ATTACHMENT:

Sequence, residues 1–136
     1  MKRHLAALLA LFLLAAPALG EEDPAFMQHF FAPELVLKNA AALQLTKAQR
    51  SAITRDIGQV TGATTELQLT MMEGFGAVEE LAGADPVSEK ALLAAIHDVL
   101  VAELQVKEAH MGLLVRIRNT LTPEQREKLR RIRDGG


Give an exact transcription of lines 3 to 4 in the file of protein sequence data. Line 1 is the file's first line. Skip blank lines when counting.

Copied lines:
    51  SAITRDIGQV TGATTELQLT MMEGFGAVEE LAGADPVSEK ALLAAIHDVL
   101  VAELQVKEAH MGLLVRIRNT LTPEQREKLR RIRDGG